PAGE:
Tuesday, November 16, 2010

The Skyliner: Cronenberg's Society

It took me a while to make it through Shivers, not because it was scary or too disturbing but because I kept falling asleep through it. When I finally saw the entire movie I leaned back to reflect on what I saw. I already knew what Cronenberg’s stance on sexual promiscuity was and how he is sort of anti-sex but there was something that really struck me about this film. The way that Cronenberg portrayed American society by confining it to an apartment building was brilliant. You can almost view the apartment complex as town on stilts because it has everything. There are a diverse group of people who are all in danger of contracting these parasites and it spreads just like how a normal town would.

However, I want to talk about the beginning of the film. What do we first see when we pop this movie into the player? We are bombarded with slideshow images of this luxurious apartment called the Starliner. Photos upon photos of clean apartments, on-site markets/delis, spacious parks and recreation, beautiful panoramic views of the city and the building’s Olympic sized swimming pool. The voice that is speaking over these photos is a realtor for the building and he is so convincing, mainly because of his clear and persuasive voice. He uses lot of descriptive words to beautifully sugar coat the amenities that come with the Starliner. As an audience member, I feel as though I would want to buy an apartment there when I know that everything is practically bullshit. Everything from the picturesque scenery to the friendly neighbors; its all bullshit.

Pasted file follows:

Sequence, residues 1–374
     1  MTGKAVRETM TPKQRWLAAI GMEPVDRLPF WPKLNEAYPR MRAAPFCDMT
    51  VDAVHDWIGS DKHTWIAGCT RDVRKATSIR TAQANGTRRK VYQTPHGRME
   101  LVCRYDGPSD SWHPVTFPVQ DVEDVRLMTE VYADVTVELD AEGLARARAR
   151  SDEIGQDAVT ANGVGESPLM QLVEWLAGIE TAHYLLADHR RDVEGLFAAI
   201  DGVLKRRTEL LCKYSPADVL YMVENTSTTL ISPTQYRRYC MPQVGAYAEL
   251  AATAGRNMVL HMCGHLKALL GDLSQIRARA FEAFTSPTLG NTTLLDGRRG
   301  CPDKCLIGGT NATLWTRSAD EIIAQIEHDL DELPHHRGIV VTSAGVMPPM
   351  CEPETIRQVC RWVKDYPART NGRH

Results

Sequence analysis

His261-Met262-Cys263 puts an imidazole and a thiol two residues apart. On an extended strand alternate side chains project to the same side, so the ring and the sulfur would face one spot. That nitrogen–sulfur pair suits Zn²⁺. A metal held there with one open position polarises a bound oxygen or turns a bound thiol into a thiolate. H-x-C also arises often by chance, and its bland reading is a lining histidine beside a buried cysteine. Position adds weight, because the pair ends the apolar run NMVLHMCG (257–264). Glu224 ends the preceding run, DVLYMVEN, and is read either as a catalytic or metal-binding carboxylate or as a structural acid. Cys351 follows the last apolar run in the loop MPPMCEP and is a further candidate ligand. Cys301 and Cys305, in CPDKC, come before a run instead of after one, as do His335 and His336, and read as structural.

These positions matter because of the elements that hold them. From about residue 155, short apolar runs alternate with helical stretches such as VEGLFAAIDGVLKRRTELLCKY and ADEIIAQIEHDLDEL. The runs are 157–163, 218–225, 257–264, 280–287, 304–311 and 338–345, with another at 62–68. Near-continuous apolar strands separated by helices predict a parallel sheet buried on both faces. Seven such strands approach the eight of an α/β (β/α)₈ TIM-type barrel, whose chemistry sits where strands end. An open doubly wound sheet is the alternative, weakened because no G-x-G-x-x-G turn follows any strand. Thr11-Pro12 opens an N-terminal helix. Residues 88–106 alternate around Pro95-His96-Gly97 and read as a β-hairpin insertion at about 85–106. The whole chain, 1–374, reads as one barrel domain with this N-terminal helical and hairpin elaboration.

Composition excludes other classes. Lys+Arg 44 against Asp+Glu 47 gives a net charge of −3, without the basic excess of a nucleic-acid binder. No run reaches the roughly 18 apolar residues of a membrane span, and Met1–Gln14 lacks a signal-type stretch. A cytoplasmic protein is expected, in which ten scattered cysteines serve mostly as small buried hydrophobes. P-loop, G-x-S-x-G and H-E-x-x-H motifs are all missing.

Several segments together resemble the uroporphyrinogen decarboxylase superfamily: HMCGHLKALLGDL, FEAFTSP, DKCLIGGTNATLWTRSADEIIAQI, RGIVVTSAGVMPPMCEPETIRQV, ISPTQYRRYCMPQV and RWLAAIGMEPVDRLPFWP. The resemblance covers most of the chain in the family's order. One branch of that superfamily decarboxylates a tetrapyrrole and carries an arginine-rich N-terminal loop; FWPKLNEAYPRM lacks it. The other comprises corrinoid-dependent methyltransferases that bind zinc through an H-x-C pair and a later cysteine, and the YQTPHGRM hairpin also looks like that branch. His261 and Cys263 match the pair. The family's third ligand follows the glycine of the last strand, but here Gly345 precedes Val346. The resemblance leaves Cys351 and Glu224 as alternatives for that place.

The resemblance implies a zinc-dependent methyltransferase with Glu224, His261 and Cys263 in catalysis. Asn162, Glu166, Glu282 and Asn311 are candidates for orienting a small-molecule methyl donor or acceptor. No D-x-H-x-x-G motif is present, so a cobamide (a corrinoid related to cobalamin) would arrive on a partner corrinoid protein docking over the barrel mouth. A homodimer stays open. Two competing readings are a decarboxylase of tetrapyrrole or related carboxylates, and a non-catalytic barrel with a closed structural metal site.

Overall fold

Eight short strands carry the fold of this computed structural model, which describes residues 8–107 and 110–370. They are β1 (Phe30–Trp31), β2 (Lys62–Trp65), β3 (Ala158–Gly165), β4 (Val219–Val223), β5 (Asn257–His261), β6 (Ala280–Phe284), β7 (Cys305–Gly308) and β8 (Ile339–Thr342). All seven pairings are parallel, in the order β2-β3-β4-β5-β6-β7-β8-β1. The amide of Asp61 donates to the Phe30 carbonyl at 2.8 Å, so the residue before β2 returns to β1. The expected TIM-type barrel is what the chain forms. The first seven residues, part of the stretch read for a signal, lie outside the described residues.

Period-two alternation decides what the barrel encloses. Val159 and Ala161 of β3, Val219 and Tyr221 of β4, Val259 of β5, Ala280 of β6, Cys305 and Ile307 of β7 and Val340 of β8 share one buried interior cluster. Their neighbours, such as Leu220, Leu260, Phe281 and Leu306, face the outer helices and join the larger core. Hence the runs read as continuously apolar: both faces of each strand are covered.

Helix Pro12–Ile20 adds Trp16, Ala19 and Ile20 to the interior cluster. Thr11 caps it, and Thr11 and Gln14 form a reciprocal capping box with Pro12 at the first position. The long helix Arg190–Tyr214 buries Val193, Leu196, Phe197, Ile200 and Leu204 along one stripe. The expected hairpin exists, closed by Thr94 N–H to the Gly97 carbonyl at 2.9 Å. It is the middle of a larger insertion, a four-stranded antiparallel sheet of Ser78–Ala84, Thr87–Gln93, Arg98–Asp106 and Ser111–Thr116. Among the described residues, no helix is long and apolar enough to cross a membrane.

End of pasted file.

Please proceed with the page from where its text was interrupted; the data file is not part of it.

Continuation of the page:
But what makes this opening even better is that after you are done watching this convincing slideshow, you are thrown into a fight between a mysterious old man and an adolescent girl. The fight is very sexual and you can’t help but feel that this old man wants to ultimately rape her if not kill her for sexual pleasure. While this is going on, we follow a young yuppie couple as they are shown Starliner by a realtor. It’s one of the most meaningful openings to a horror film that I’ve ever seen. It’s so rich in context and it means so much to the film’s theme.

It’s such a perfect ying to Starliner’s yang; the contrasting between a happy picturesque life as opposed to scene of violent sexual assault, which takes place inside the presumed picturesque apartment, funnily enough. Even though this has been analyzed over and over, it’s a perfect visual representation on how Cronenberg views the idea of ‘standard’ living as well as society. Perhaps this is Cronenberg’s way of showing how we are only killing ourselves (not literally) into thinking that we can live in a perfect society. If you think about it, the people who inhabit Starliner are far from perfect despite what they think but once an unstoppable or unexpected agent is introduced… everybody goes made. It’s almost like a psychology lesson. Perhaps the slideshow and the brutal homicide/suicide aren’t that much different. It’s a very interesting idea to think about. It begs the questions: is there such a thing as a perfect standard of living, let alone society? Is it possible that one can live in this perfect society?

Thank you Classic Horror for inspiring me to write this.

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